As I visit various blogs (particularly Christian or political or political Christian) I am painfully aware of the divisions that exists not just in cyberspace but (if our stories can be believed) in the work a day world as well. Gender, ethnicity, and economic status each pit one person or group against another by focusing on our differences rather than what we might have in common or how we might compliment each other. Even within the emerging church many voices that should share at least part of the platform seem to be to a large extent silent. I can not speak for the African-American, Hispanic, Asia, or Native-American communities nor for the extremely poor or wealthy. However, as a woman I find the lack of female voices in these different conversations curious.
What is happening? Are women choosing to stay out of these dialogues on purpose? Are we conversing on female only blogs? Are our interests so different from our male counterparts that we simply do not fit in the same discussions?
Recently I noticed the following comment from a female blogger who is part of a ministry team in an emerging fellowship: “I wish some people would just let me be myself”. What was this woman saying? What message underlies comments like hers? For me, the root issue is a frustration with the sense of defining the whole by only focusing on a part of the whole. If I am related to as a mother only, the teacher or friend part of me suffers and the people in my life suffer as well, especial if the other parts remain underdeveloped. Of course some personality traits ought not be encouraged like selfishness, but that is an entirely different topic.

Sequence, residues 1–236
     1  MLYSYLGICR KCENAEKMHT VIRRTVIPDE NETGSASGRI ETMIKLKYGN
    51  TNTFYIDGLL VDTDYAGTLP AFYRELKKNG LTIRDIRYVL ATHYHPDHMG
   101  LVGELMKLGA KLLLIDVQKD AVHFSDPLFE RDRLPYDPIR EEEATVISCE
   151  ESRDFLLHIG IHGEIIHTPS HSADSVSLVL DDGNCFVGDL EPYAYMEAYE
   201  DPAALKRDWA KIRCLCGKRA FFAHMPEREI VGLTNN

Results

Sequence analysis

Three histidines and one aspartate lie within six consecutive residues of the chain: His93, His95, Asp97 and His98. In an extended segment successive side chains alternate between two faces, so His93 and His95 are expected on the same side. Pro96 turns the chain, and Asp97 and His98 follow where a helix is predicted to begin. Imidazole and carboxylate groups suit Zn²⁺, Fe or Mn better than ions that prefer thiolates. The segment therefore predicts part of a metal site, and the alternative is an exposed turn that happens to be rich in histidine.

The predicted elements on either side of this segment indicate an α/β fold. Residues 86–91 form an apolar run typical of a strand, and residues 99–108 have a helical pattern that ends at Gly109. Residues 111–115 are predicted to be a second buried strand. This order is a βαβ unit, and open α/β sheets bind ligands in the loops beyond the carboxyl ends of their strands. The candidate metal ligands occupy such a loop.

When I first heard that blogger say she just wanted to be allowed to be herself pangs of recognition pulsed through me. I have made statement myself like hers more times then I can count. And, the attitude inside me which those words reveal is a stronger chain than the restraints they identify. The reality is that throughout most of my adult life I have denied myself the “right” to be me by virtue of my responses to what I perceive to be others’ attitudes toward me. My perceptions may or may not have been accurate (and difficult enough to overcome in and of themselves if they were) but my self censoring responses only made matters worse. I became complicit in my own captivity. Whether in an effort to keep the peace, get things done, respect the “rights” of others or be a “good “ Christian wife/mother/woman I slowly shut down small portions of who I am and what I care about.
In just such a way I believe many women become marginalized and their voices are silenced. I am not saying outside prejudices never come into play and do not take a toll. Still, even if prejudice plays a major role in what keeps someone boxed in or left out putting ourselves in our own boxes is much more debilitating. To the best of our ability we need to keep our eyes off the “some people” AKA: avoid blaming, so that we become aware of the many ways in which we self censor. I have no idea as to whether or not a similar self marginalizing occurs, say within the Hispanic community, but I suspect it does at some level. The point is, to the extent we take ourselves out of the game we can not complain that we are not playing.
As a side note–many men in Christian leadership are not “being themselves” any more than the women. And I fear, some of their chains are even more invisible than ours.